42. 42. Conclusion• There are some developments in the supply chain of agri-tourism industry from input supply, to production-processing, to marketing and demand/consumption.• The gaps in the each segment of the supply chain could be improved by strengthening the supply chain management of the agri-tourism industry stakeholders.
  43. 43. Conclusion• In terms of production of agri-tourism products/services, the convergence effort of DA and DOT through their program support and improvement in the regulatory and standards in the agri-tourism industry is a must. Based on my interview with an DOT- insider, there is no current clear registration mechanism in accrediting/policing the agri- tourism establishments.
  44. 44. Conclusion• The best practices are demonstrated by selected successful players such as Mindanao Baptist and Rural Life Center, Bohol Bee Farm, Ilog Maria Honey Bee Farm, and Lao Integrated Farm, Inc and the initially developed best practices among some state colleges and universities in promoting agri-tourism in their respective institutions.• Some of notable best practices and characteristics/success factors which could be learned from them include: a) a doable business model, b) inclusion of value-added products and services, c) effective supply chain management and d) either integration or diversification from their core business, e) application of agribusiness approach, and f) effective and efficient use of resources in their respective company or agri- tourism farm have contributed for the success of some players.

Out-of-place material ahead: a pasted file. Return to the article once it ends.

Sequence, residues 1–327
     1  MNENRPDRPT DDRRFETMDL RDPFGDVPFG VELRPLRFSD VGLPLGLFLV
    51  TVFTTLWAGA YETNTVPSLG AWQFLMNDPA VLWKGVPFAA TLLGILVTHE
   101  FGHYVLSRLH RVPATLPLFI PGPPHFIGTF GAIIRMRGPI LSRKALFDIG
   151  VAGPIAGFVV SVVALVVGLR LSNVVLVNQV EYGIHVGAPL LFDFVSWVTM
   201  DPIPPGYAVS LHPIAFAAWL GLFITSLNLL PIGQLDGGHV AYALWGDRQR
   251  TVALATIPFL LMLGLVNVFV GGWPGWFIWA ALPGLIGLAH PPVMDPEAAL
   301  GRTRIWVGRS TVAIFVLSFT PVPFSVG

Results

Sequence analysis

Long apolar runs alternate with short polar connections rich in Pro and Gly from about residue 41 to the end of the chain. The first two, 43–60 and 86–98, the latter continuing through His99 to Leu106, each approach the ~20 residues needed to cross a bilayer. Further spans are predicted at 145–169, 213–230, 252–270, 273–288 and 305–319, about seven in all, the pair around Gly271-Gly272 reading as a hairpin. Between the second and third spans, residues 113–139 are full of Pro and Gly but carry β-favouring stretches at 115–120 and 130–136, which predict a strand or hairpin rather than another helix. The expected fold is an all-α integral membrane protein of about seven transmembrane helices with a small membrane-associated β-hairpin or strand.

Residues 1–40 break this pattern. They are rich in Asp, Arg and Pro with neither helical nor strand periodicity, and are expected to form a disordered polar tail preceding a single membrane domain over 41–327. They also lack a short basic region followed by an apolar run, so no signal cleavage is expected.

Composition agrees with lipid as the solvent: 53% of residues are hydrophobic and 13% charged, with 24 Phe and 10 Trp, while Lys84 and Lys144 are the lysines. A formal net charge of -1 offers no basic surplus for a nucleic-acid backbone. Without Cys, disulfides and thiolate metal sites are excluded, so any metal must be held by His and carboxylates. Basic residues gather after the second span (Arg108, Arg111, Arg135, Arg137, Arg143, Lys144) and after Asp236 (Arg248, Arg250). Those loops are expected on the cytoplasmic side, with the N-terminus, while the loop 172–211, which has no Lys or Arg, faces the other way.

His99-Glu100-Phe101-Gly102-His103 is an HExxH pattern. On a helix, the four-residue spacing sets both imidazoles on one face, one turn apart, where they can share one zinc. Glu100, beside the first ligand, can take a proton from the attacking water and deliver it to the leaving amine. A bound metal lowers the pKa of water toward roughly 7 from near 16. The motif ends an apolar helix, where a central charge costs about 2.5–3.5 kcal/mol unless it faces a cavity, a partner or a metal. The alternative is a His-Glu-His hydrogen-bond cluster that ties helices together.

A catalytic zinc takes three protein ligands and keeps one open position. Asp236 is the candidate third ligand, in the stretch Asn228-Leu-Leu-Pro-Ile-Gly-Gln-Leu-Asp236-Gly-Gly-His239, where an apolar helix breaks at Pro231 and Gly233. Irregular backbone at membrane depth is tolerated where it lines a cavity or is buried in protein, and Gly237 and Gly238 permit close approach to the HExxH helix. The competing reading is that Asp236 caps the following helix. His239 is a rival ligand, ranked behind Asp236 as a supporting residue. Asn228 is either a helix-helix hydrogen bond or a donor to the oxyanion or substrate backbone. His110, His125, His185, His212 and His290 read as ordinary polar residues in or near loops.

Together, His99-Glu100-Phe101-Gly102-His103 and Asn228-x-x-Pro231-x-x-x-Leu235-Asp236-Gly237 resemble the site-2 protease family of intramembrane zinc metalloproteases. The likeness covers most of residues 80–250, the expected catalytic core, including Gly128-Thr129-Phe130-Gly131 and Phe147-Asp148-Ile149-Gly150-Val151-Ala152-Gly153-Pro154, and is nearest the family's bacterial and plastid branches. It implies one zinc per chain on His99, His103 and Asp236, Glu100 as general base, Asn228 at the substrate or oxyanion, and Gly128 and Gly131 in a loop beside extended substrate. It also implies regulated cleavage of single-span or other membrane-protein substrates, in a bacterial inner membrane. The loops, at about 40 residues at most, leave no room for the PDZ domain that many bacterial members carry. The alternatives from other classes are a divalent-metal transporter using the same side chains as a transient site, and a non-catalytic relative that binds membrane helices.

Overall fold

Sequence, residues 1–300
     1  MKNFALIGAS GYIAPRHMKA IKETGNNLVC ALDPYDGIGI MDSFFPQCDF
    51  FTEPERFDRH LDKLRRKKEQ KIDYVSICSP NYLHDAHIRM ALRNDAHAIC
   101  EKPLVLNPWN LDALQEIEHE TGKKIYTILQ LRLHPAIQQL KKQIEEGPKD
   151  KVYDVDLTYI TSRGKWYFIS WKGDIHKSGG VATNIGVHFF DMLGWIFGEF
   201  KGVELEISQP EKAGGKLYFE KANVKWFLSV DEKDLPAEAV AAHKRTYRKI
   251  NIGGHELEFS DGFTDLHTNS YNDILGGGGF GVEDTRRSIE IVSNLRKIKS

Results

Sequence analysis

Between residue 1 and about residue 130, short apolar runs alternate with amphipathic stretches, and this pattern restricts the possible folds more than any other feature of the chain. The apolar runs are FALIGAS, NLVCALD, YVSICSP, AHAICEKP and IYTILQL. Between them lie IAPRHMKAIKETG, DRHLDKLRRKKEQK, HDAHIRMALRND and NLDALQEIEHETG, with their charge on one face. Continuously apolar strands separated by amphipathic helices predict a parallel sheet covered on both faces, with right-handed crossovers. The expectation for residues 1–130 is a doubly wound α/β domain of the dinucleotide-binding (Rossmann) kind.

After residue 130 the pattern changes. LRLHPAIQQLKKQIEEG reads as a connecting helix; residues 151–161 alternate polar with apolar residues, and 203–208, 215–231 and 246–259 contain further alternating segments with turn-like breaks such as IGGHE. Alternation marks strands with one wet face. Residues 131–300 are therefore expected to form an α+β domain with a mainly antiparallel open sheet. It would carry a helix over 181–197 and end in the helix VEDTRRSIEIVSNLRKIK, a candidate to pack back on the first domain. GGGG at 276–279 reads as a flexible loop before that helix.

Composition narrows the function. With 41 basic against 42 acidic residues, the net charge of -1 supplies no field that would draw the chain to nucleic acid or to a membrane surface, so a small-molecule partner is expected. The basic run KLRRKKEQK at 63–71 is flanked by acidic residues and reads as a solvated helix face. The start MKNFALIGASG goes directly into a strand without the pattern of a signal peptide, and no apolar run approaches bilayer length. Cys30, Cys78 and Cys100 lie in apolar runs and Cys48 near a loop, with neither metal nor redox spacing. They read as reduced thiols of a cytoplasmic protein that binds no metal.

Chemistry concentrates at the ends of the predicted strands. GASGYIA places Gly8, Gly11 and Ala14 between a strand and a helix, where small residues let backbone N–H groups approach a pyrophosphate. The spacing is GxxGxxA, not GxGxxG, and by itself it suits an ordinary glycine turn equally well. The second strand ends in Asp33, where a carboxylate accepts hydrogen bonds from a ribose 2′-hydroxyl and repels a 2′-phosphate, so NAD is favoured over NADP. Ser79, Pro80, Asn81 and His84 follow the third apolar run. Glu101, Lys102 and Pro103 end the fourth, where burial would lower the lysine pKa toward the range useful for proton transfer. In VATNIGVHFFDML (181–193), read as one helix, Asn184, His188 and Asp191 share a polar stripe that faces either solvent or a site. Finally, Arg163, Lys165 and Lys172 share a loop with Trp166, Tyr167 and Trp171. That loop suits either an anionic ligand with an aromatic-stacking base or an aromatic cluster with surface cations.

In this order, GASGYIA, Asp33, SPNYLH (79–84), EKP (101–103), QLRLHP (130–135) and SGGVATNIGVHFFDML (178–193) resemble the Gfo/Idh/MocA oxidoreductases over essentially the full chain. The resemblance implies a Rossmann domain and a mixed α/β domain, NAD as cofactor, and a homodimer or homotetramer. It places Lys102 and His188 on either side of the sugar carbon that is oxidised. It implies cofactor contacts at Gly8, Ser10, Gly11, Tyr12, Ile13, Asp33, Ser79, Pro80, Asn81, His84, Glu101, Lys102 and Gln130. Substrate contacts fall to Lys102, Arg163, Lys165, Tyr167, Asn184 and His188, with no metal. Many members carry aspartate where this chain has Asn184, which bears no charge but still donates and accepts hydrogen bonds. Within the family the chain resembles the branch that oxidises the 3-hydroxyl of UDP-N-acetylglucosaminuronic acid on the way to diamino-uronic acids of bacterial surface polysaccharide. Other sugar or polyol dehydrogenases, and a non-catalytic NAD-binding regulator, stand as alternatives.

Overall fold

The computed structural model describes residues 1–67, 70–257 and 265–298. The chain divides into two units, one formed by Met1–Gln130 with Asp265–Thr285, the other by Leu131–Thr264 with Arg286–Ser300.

45. 45. Conclusion• In terms of tourism competitiveness, it is also important to note that priority support of the government and the industry players should fall within these areas: policy rules & regulation on agri-tourism, air transportation regulation and support programs, ground transport infrastructure, agri-tourism infrastructure, ICT infrastructure and national & cultural resources, including the participation of local and foreign investors to further develop the agri-tourism industry in the next 5 to 20 years.
  46. 46. Recommended Strategic Directions of the Philippine Agri-tourism Industry1. Extensive application of agribusiness management approach and supply chain management in the agri- tourism industry to improve the efficiency and effectiveness of operation of each stakeholder.2. Organizing and unifying the concerted advocacy work of an industry association to get bigger bargaining power to demand support from the government, particularly the Department of Tourism and Department of Agriculture and other departments and agencies, LGUs, including policy makers.
  47. 47. Recommended Strategic Directions ofthe Philippine Agri-tourism Industry3. Conduct trainings that would help agri-tourism players to improve their supply chain management capabilities and capability in doing competitive strategy.4. Additional budgetary support from Philippine government is needed to support the agri- tourism industry in the country, so they can further strengthen/or expand their services being provided to the industry stakeholders.